Materials and Methods

Sampling Sites

At the end of May 2013, soil samples have been collected in grass and heathlands at seven different locations in the southwestern part of Iceland. The choice of the sampling locations was based on the Icelandic soil map 1: 500,000 (http://k-sql.lbhi.is/desert/2-1.html) combined with field characteristics (i.e., estimated carbon content) (Supplementary Table S1). Based on measured moisture and carbon contents, the collected soils were characterized as Histic, Gleyic, and Brown Andosols according to Arnalds and Gretarsson [3]. One of the Histic Andosols (i.e., location 1) was one of the locations sampled by Daebeler et al. in August 2010 [8]. At each location, five individual samples have been collected from the top 10 cm of the soils leading to 35 samples in total. Upon arriving in the field laboratory, the individual samples were separately mixed, stripped of larger gravel particles and roots, and kept in 50 ml polypropylene screw cap tubes at 4 °C until the analyses started at the Netherlands Institute of Ecology (NIOO-KNAW) Wageningen, the Netherlands. Upon arrival, a subsample of the mixed soil samples was freeze-dried for determination of total soil carbon and nitrogen, and for molecular-genetic analyses.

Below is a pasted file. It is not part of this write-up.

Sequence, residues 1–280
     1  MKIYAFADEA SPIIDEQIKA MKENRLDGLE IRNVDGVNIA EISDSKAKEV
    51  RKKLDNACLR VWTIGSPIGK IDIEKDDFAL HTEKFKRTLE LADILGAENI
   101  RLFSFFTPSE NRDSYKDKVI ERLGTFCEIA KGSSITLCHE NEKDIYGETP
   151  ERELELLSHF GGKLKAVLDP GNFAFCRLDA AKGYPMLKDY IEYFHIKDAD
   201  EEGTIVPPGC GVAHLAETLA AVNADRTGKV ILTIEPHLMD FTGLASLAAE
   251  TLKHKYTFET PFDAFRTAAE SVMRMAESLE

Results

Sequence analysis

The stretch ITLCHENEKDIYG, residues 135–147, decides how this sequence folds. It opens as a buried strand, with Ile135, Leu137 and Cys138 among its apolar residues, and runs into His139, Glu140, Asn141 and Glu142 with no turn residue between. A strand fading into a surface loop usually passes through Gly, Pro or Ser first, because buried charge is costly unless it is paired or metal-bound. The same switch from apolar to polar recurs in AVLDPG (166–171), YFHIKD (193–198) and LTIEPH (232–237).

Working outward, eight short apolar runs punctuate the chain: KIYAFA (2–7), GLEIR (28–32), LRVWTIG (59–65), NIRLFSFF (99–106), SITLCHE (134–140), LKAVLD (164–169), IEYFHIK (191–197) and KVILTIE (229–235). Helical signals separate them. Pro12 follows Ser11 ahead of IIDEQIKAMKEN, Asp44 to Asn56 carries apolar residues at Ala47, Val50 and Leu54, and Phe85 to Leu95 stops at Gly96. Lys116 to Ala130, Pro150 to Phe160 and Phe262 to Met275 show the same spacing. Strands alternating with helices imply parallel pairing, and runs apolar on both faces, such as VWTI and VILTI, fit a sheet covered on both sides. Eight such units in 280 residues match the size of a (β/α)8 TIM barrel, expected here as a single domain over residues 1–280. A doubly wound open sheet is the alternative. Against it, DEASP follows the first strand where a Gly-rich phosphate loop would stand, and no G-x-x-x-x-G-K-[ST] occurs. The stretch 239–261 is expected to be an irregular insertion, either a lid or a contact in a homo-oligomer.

Analyses of Abiotic Soil Factors

For the determination of soil moisture content, 10 g of fresh subsample was weighted and reweighted after 48 h of drying at 70 °C. Soil pH-H2O was determined in soil slurries of 10 g fresh soil in 50 ml water. These slurries had been shaken at room temperature for 1 h. Freeze-dried soil samples were ground at 20 rpm using a ball mill (Retsch GmbH, Haan, Germany) and subsequently used for the determination of total C and total N by means of an elemental CN analyzer (InterScience BV, Breda, the Netherlands). Amounts of mineral nitrogen were determined in soil extracts obtained after shaking 10 g of soil in 50 ml of 1 M KCl for 1 h. The extracts were analyzed with a Quaatro Seal autoanalyzer (Beun—De Ronde, Abcoude, the Netherlands).

DNA Extraction from Soils

Total genomic DNA was extracted by using 0.5 g of freeze-dried sample that was homogenized in 1 ml cetyltrimethylammonium bromide (CTAB) buffer in MP Lysing Matrix tubes (MP Biomedicals, Santa Ana, California, USA), subjected twice to disruption by bead-beating at a 5.0-m/s rotation for 60 s, and incubated at 37°C for 30 min in the presence of 5 μl proteinase K (20 mg/ml) while vortexing every 15 min. The samples were supplemented with 150 μl of 20% sodium dodecyl sulfate (SDS) solution, incubated at 65°C for 1 h in a thermoblock, and vortexed every 15 to 20 min. After centrifugation at 10,000×g for 10 min, approximately 500 μl of the supernatant was collected and directly added to the lysis buffer of the Maxwell®16 (Promega, Fitchburg, Wisconsin USA) DNA tissue extraction kit. Automatic purification of genomic DNA was performed using the tissue DNA extraction program.

qPCR of Archaeal and Bacterial amoA Genes